Aaron Sandbothe

Lent, The Forty Days Journey

Aaron Sandbothe
Lent, The Forty Days Journey

by Fr. George Hajj

Lent is the forty days journey, following the season of Epiphany (Baptism and Manifestation), in other words, the identity and mission of Jesus Christ and through him, his Mystical Body, the Church.

We fast during these forty days from midnight to midday as an act of faith, we abstain from meat and animal products, and from other luxuries. We are also to refrain from vices such as smoking, cursing, gossiping, etc.

Even though the general misconception is that Lent is about fasting only, it is actually so much more than that.

Lent is the epitome of spirituality. Lent prompts us to get in touch with our spiritual side; whether by intensifying prayer or reading Holy Scripture and contemplating the wonders of God’s creation. It is an opportunity to feed the soul and the heart and isolate oneself from the daily distractions and take a break from the chaos of the day to day life.

It brings out the good side of people. During these Forty Days, leading to the Passion and the Resurrection, we strive for virtue. Lent prompts us to help the less fortunate, forgive and make peace with friends or people we were on bad terms with, reach out to family members and relatives and to focus on purifying our hearts and intentions as the journey goes on.

Lent is all about peace and reconciliation. It is about being a better person; people do not only fast from food, they fast from any extreme emotions — anger, frustration, envy, and sadness. The main spirit of the journey is for people to focus on their relationship with God and strengthen the faith instead of letting their emotions take control of their lives.

It is a journey of healing. The spirit of Lent, the prayers, the kindness that people exude during this journey and the peace of mind that comes with the isolation from the daily routine really helps us tap into our sadness and heal ourselves. It’s building a connection with the Lord, away from the noise of people that drain us and jobs that wear us down. It completely shifts our mental and emotional state.

It helps us practice gratitude. Fasting makes us realize how much we take things like food and water for granted and gives us a taste of how some less fortunate people actually live; deprived from the simple things that we take for granted every day. It teaches us how to be compassionate and count our blessings instead of focusing on the things we don’t have.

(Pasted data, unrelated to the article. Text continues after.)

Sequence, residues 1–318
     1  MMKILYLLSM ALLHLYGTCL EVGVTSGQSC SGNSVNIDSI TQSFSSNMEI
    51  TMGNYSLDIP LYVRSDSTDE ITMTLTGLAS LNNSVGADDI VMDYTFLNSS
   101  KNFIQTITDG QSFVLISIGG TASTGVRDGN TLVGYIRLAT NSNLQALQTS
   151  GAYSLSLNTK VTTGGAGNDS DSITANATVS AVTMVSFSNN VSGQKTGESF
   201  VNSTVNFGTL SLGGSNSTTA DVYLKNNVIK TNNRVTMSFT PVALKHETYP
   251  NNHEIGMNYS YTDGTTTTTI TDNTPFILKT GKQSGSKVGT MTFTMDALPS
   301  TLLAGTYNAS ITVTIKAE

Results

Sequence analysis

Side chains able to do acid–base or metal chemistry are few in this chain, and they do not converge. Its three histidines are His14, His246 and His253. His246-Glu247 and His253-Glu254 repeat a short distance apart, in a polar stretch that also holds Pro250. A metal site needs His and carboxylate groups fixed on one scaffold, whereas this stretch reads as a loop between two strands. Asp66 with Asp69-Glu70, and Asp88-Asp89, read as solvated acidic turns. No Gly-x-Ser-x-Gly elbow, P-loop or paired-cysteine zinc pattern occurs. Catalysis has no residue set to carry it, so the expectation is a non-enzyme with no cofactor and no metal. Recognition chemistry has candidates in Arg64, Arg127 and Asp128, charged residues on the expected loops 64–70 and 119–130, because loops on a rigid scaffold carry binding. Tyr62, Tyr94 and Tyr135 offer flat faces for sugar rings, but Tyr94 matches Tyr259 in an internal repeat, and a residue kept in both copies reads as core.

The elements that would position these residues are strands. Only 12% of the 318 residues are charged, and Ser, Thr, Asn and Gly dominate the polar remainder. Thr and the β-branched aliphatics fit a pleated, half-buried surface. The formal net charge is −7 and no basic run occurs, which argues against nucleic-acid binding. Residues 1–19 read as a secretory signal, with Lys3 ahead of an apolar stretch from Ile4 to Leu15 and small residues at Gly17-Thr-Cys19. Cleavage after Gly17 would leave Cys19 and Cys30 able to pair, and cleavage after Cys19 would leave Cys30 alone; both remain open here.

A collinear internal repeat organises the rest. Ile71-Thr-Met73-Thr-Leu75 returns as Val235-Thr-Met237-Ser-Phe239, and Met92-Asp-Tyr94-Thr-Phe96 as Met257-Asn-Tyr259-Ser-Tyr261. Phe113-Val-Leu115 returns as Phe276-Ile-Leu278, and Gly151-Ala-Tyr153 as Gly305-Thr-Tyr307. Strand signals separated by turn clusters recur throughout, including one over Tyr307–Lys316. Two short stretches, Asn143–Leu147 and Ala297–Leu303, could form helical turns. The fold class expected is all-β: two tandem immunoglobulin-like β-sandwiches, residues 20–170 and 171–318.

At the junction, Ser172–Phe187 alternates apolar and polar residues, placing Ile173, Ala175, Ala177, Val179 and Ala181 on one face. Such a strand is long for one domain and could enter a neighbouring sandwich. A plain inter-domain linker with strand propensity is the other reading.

It is also a journey of love. It is encouraged to gather large groups of friends and family in our parishes and live the highest summit of Love, which is the Divine Liturgy, partaking of the Body and Blood of God. It is a journey of reconciliation and reconnection, with each other and with the Lord.

It reflects life. Since Lent teaches us patience, humility, gratitude and self-control, if we reflect deeper, these are also the tools we need to live a good life. We often get carried away with our duties and our lives that we do not really take a moment to reflect on the point of it all. Lent helps us cling to the essence of life and sharpen the tools we need to thrive in life.

It is also an opportunity to get to know ourselves. When we isolate ourselves from all the material things and spend less time thinking about eating, drinking, and going out, we get to truly spend some time with the Lord and our own thoughts and feelings and listen to them. It is another form of soul searching; we get to know parts of our self and we get to understand how strong we are against temptations and how forgiving we are against those who did us wrong and how we can let go, and let God. All these are questions we normally ask ourselves, but Lent really puts it all in perspective. Lent, fasting, charity and prayer are supposed to
be a lifestyle not an occasion. Even though it is one month and ten days, the point is to carry out these behaviors after Lent and throughout the year too. It is more about becoming a better human being. It is a reminder from God that we are here to do good, to forgive, to heal, to let go and to help those who cannot help themselves — in other words, to walk the journey of becoming a child of God.

Father George Hajj is the pastor of Saint Anthony Maronite Church in Cincinnati, Ohio.